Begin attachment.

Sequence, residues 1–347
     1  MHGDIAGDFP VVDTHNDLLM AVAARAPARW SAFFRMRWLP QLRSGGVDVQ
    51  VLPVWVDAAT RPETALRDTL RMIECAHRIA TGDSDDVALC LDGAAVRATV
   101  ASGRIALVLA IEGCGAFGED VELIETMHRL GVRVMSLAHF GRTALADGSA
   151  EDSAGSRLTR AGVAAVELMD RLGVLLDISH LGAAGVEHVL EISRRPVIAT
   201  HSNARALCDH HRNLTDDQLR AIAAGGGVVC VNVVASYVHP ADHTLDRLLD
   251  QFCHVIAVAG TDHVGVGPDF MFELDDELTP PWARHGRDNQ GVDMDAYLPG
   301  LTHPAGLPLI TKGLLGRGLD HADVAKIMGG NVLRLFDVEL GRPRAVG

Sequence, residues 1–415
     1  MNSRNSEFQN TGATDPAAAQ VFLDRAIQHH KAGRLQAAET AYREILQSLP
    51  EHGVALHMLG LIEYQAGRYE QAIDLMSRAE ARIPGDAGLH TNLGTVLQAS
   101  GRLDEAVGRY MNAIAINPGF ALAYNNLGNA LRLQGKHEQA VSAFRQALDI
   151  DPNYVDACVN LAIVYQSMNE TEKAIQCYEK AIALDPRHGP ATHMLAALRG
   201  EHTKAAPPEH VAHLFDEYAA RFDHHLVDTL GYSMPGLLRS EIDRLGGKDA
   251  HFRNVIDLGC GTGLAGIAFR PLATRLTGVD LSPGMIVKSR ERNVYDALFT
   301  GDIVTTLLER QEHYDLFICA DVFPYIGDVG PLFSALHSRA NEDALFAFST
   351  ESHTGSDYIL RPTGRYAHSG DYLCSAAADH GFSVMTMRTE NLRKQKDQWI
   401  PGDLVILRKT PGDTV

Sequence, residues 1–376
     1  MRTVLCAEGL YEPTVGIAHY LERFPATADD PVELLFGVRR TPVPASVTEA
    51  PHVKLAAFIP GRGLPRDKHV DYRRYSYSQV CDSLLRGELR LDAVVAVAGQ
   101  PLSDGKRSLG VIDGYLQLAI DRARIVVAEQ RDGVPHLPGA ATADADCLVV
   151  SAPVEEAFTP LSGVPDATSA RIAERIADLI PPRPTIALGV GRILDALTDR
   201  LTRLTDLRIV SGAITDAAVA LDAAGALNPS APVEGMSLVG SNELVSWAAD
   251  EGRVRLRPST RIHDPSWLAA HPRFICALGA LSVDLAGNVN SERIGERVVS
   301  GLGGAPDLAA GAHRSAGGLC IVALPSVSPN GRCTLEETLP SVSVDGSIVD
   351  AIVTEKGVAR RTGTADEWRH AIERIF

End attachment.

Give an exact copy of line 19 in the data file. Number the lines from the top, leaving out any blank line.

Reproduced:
Sequence, residues 1–376